In some cases, NASCAR race tracks feel that consulting with race car drivers about plans to upgrade or remodel their facilities is considered akin to conferring with asylum inmates about developing a new rules package.

Several of the sport's premier drivers said they've either never or sporadically been consulted about any of the many repaves or reconstructions that have recently taken place, are in process or -- as is the case with a project at Bristol Motor Speedway, which will be revealed Wednesday -- about to be announced.

"No, NASCAR hasn't really asked our opinion on anything," Kevin Harvick said. "The guys from Bristol said [at Texas' race weekend] that they were going to come and talk about the track, but I never saw them.

"I guess if they want to keep repaving them they can keep having their own ideas."

The upkeep of race tracks is a mutually-shared responsibility between NASCAR, which sets the guidelines and the track operators that execute them. But in the end, what's done is the track owners' responsibility. Either way, competitors have a differing opinion on their input.

"I haven't heard or spoken to anyone regarding Bristol," five-time Cup Series champion Jimmie Johnson said. "But a lot of other tracks, NASCAR has held a meeting in the [office] truck on a race weekend, and brought in the paving crew and engineers that are designing it and laying it out. I've sat in on a lot of those meetings, and it felt like my voice has been heard."

Another former champion, Matt Kenseth, said he's never been sought out but that he felt like NASCAR's door was open for suggestions.

"I've never been consulted, but certainly NASCAR always listens when you have something to say," Kenseth said. "They do all those meetings -- in the winter and during the year -- where they tell us all about what's going on and ask our opinions and listen, which is really nice. It's nice to feel like you can at least voice your opinion."

Bristol track president Jerry Caldwell declined to comment on driver input into Bristol's project until it's announced. But Grant Lynch, a longtime motorsports executive and currently Talladega Superspeedway's president, said consulting with competitors could be a slippery slope.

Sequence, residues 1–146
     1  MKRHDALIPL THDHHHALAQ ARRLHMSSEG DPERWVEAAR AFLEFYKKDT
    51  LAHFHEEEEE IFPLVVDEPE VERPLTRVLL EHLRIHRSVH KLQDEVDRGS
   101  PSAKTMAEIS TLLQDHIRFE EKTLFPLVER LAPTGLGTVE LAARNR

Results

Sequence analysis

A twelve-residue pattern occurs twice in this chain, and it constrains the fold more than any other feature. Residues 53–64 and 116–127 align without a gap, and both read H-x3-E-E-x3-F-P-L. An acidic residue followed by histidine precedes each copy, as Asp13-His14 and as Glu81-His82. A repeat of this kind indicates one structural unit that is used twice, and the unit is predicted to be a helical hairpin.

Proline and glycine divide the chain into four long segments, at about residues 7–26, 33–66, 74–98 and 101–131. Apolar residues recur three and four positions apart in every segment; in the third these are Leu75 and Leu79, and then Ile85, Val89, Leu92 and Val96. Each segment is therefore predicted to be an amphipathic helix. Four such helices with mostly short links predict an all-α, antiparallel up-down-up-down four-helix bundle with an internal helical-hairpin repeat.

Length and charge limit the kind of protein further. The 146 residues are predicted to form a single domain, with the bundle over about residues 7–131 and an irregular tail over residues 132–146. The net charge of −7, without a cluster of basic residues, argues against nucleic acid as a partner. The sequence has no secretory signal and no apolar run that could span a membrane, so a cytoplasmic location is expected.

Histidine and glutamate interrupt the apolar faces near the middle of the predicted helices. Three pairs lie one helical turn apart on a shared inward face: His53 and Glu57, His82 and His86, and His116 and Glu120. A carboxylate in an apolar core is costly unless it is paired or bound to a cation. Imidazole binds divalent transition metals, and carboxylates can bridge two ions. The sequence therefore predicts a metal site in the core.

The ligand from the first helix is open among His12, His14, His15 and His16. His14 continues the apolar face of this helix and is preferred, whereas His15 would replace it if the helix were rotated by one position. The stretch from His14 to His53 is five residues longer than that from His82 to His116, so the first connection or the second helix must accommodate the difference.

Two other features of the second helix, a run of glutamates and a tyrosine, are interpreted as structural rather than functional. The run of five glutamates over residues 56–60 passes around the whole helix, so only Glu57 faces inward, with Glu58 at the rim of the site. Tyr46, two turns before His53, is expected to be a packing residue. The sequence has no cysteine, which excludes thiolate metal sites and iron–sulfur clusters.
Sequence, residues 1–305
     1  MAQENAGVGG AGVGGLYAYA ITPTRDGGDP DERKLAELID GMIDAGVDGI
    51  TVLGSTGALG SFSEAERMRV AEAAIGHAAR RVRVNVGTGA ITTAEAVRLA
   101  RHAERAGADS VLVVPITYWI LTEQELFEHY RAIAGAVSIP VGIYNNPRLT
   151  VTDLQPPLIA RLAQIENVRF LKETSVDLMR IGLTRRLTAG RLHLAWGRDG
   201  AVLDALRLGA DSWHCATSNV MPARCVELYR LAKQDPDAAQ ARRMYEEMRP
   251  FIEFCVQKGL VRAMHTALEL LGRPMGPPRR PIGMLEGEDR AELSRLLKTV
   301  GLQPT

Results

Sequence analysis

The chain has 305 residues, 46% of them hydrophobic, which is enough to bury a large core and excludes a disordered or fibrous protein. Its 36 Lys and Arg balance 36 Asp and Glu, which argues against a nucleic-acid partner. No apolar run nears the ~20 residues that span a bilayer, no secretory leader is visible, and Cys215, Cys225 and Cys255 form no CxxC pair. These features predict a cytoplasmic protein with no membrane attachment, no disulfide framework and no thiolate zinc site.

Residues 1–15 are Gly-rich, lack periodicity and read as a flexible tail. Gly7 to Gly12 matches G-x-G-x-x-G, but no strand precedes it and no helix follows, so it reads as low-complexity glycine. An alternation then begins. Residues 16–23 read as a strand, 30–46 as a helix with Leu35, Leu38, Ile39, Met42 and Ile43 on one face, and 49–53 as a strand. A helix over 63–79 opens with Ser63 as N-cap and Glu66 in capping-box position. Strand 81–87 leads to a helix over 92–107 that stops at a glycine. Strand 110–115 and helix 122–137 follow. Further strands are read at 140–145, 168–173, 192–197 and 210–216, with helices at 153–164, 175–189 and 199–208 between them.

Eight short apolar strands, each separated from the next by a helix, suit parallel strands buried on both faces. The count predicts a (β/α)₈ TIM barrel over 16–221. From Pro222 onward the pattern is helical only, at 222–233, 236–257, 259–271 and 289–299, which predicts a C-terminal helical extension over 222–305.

"Back then, Talladega had gotten so bad that the hairline cracks [in the asphalt] had gotten to where they were 14 inches wide," said Lynch, whose facility was repaved in 2006. "And we were having to go in every year and take out all of that asphalt and pound in more asphalt to fill up those big cracks.

"And Mr. [Bill] France [NASCAR vice chairman] used to send me around to ask drivers, 'what do you think about repaving?' And in general, when you ask drivers about repaving, they'll all say 'leave it alone.'

"But then you start having situations like the piece breaking off the track [Friday at Kansas], I think it was at Martinsville where the big chunk came out and hit Jeff Gordon's car or have a track failure, like we saw at Daytona [during 2010 Daytona 500].

"So at a certain point, regardless of whether the drivers are for paving or not for paving, track operators have to say, 'in order to put on a good race we need to do this, because we can't have the type of breakdowns we've seen at tracks in the past that stopped the show.' "

Johnson and Kenseth said they both pretty much accept the way things are.

"They're spending the money on the track, they can do what they want," Johnson said. "Michigan [repaved after the second race last year], I'm eager to get back to. I was involved with different aspects in that, with safety in a couple of areas with some walls. I've spoken to [NASCAR vice president for competition] Robin Pemberton and know they have addressed those areas. So we are in the loop in it.

"It kind of shifts around. Some weeks some tracks may ask me, others it might be [Tony] Stewart, or [Jeff] Gordon. NASCAR puts that meeting together, and they work hard to have our voice heard."